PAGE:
2018 Australian Craft Beer Survey Results
Beer Cartel’s Australian Craft Beer Survey 2018 results are in, with independence, taxation and innovation at the forefront of consumers’ minds.
From 6,500 participants in its inaugural year in 2016, to over 18,000 participants in 2018, the Australian Craft Beer Survey by Beer Cartel represents findings from a segment of the community that’s dedicated to Australian craft beer.
Craft beer attitudes in Australia are positive and growing in strength. Survey results show that 94 per cent of beer drinkers believe the quality of craft beer is improving, while 85 per cent have said that they are now buying more Australian beer in place of imported beer.
When it comes to gender, 80 per cent of participants identified as male and 20 per cent as female. This is virtually unchanged from last year’s results, with a 79/21 per cent split.
Co-founder of Beer Cartel Richard Kelsey, who spoke with Matt and Pete on Beer is a Conversation earlier today, said that the aim of the survey is to provide breweries with insights that they otherwise wouldn’t have access to about their consumers.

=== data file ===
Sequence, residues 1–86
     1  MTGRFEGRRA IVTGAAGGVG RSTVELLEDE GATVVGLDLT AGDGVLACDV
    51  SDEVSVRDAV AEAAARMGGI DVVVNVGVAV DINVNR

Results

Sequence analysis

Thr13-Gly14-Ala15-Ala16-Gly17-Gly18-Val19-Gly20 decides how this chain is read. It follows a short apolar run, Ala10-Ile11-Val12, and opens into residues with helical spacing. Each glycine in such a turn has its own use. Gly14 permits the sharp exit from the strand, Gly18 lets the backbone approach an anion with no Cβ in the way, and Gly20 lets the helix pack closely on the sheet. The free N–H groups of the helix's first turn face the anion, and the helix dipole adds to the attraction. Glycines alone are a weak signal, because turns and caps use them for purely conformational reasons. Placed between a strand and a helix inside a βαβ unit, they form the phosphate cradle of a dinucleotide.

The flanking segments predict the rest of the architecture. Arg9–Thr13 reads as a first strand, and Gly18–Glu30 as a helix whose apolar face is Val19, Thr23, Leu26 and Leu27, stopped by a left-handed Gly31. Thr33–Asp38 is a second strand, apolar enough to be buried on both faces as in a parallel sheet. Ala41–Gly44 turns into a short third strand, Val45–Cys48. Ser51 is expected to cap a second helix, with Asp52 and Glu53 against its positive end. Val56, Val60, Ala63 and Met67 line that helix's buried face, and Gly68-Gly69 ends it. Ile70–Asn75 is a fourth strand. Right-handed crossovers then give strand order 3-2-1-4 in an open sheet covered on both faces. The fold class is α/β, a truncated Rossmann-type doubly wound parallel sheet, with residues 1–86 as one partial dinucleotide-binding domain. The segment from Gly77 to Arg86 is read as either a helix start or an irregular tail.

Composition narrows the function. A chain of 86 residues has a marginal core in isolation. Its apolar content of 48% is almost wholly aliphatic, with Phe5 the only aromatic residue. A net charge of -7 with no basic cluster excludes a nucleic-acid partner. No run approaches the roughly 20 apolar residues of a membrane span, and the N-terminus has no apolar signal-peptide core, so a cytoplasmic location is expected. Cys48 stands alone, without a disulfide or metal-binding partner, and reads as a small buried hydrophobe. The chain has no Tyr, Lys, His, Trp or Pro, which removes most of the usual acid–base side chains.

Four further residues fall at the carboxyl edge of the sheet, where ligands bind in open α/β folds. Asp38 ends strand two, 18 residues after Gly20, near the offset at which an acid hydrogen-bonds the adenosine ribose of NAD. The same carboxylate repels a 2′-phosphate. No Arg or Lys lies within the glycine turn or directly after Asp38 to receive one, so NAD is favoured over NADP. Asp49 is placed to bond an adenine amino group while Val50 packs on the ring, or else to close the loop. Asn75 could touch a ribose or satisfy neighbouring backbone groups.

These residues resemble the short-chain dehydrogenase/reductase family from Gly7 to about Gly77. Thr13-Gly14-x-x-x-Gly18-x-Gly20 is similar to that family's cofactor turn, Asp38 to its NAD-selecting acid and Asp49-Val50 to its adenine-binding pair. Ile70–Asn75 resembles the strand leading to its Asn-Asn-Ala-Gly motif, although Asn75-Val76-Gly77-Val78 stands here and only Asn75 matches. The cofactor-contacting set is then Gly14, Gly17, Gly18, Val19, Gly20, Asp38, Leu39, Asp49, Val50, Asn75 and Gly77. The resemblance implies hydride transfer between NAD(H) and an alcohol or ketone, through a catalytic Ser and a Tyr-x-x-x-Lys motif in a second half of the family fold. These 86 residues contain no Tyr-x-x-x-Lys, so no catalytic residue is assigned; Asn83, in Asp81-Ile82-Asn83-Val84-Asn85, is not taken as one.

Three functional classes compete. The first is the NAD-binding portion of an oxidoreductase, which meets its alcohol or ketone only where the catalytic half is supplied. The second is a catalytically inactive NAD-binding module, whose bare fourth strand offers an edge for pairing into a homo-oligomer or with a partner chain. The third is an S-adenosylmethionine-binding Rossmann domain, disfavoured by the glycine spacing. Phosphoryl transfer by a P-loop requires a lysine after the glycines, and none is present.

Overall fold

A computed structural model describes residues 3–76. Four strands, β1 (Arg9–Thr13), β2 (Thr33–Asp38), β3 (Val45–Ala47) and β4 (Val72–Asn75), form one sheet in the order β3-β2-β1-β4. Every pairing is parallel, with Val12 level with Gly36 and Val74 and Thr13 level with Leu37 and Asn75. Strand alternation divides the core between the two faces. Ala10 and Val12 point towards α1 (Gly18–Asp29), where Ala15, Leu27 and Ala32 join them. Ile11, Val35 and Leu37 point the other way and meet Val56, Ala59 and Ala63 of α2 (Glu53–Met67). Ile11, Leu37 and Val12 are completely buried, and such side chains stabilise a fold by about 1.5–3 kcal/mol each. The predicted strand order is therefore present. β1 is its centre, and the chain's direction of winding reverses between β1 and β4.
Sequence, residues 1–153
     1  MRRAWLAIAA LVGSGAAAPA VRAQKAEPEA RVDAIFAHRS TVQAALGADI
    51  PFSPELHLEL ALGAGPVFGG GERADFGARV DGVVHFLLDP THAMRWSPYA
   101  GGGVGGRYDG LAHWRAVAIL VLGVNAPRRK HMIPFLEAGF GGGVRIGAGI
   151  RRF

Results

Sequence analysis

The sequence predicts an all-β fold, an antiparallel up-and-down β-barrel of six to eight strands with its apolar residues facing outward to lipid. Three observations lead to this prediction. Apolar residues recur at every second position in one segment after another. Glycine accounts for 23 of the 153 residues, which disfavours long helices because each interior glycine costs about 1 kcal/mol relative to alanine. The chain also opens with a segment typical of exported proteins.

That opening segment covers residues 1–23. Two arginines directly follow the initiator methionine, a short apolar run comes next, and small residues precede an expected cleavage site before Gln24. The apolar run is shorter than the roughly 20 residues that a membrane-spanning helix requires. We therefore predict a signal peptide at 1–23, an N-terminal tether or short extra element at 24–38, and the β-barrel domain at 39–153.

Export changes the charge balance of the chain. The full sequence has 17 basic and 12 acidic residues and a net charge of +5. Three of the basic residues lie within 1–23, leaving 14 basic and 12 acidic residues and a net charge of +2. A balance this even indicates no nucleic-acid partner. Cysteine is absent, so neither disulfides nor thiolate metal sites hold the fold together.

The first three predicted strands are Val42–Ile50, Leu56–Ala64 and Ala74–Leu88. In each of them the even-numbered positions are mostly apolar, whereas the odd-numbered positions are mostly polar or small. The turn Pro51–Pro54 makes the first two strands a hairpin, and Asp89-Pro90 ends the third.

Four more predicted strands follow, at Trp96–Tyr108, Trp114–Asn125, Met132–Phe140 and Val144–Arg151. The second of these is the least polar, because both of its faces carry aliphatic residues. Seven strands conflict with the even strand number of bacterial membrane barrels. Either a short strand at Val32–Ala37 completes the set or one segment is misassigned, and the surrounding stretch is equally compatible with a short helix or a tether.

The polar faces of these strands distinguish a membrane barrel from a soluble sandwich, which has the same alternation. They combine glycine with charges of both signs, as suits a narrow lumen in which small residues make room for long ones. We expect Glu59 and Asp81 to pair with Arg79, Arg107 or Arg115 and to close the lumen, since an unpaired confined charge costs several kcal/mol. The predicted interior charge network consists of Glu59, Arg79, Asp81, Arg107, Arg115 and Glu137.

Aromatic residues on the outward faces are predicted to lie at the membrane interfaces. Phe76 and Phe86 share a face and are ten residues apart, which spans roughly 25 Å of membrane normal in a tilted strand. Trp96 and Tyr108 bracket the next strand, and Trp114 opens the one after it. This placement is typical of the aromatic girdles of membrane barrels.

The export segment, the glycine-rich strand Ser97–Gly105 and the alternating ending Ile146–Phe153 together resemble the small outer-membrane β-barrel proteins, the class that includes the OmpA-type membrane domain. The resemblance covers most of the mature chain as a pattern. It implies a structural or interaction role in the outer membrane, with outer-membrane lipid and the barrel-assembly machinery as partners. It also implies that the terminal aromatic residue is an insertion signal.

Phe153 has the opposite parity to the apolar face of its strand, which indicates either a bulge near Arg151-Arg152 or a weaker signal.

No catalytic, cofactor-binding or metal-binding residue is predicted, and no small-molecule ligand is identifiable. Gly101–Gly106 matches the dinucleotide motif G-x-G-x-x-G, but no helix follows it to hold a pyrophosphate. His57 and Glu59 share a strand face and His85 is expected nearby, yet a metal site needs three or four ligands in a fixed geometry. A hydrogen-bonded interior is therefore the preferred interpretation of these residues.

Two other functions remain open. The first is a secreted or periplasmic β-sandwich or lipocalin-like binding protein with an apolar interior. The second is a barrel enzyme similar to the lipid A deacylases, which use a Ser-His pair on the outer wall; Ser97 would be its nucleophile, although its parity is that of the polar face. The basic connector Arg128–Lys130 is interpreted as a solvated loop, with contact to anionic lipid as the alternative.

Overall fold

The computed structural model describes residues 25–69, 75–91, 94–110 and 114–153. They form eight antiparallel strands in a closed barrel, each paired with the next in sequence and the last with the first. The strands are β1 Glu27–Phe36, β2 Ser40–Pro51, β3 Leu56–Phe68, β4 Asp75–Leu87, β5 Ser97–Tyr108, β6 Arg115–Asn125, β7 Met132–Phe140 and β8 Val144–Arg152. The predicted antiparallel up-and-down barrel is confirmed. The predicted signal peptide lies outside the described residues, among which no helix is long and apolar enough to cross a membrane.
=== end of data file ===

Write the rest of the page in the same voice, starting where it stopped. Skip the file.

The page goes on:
Of the 250 places across the craft beer industry that promoted the Survey, Kelsey said that there wouldn’t have been one single place that would have accounted for more than five per cent. Kelsey, who comes from a market research background, said that the Survey provides breweries with the data they need to identify their customers.
“It is totally focused on those people that are already engaged within the market, so it’s not then looking at how do we get new people into the market,” Kelsey explained.
“Every year, our focus is always on craft beer drinkers, and I think we have a pretty good representation across the board.”